Study reveals how RNAi workhorse protein optimizes to keep protein synthesis on track

Proteins are made in cells in the same way as they are made in factories. However, making too much at the wrong moment may lead to illnesses like cancer, so they use RNA interference (RNAi) to regulate production. RNAi is already being used to address painful kidney and liver diseases, with additional seven drugs in clinical studies as of July 2021.

Study reveals how RNAi workhorse protein optimizes to keep protein synthesis on track
The protein Argonaute, which helps cells control protein production in a process called RNA interference. Image Credit: In conjunction with Scripps Research.

RNAi medicines have a lot of promise, and researchers at Cold Spring Harbor Laboratory (CSHL) are working hard to create a full picture of the process in order to enhance current therapies and develop better ones in the future.

Leemor Joshua-Tor, CSHL Professor, and HHMI Investigator and Brianna Bibel, a recent CSHL School of Biological Sciences graduate, are filling in some of the gaps. Researchers just found how Argonaute (Ago), an RNAi workhorse protein, makes use of limited resources to keep protein synthesis on track.

Because RNAi is such a fundamental and widely utilized technology, Joshua-Tor believes it is critical to fully comprehend how it operates. It also provides a form of a therapeutic safety net because it does not create lasting cell alterations and may be reversed.

For therapeutics, you’d kinda maybe not wanna mess around with the genome so much. In all these kinds of things, you wanna know exactly what’s happening, and if something isn’t working, then you know what to do and where to look. The more information you have, the better it is—you get a complete picture of what’s happening.”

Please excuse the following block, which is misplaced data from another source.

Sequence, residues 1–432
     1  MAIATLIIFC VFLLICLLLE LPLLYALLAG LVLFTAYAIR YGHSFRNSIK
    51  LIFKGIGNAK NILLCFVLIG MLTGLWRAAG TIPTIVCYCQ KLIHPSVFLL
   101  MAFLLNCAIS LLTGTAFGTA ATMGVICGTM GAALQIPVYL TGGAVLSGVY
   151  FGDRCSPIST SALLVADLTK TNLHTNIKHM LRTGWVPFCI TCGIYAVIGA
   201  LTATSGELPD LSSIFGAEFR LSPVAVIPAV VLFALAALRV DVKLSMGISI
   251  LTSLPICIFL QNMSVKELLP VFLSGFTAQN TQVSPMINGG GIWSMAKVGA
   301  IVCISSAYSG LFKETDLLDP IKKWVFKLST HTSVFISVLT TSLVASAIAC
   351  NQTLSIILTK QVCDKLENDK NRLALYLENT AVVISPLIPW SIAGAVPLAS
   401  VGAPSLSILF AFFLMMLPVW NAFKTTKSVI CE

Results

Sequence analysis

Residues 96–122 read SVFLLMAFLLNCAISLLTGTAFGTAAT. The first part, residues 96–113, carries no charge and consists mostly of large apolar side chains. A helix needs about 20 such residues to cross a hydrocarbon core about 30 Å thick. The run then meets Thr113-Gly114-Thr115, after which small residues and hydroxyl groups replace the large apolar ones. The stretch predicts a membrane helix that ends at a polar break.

Leemor Joshua-Tor, Professor, Cold Spring Harbor Laboratory and Investigator, Howard Hughes Medical Institute

Ago aids in the reduction of protein synthesis by locating, binding, and deleting molecules known as mRNA, which instruct cells to produce proteins. The amount of Ago in the body, however, is small as compared to the amount of mRNA it must target.

The protein is still capable of locating another after killing one, but it cannot proceed forward without assistance. Bibel revealed how cells employ phosphorylation to remove Ago’s hold on one mRNA target and let it travel to the next.

Our theory is that having phosphorylation promote release is a way that you could free up Argonaute because when the target gets released, the guide’s still there and it’s super-duper stable. So our thinking is that by phosphorylating it, you’re going to free it to go repress other targets—because it’s still totally capable of doing that work.”

Brianna Bibel, Graduate, School of Biological Sciences, Cold Spring Harbor Laboratory

Bibel expects that their discoveries will be useful as RNAi research develops.

A lot of great advances in science come from just doing basic research. And this is one of those basic research questions, trying to figure out how this is working.”

Brianna Bibel, Graduate, School of Biological Sciences, Cold Spring Harbor Laboratory

Source:
Journal reference:

Bibel, B., et al. (2022) Target binding triggers hierarchical phosphorylation of human Argonaute-2 to promote target release. eLife. doi.org/10.7554/eLife.76908.

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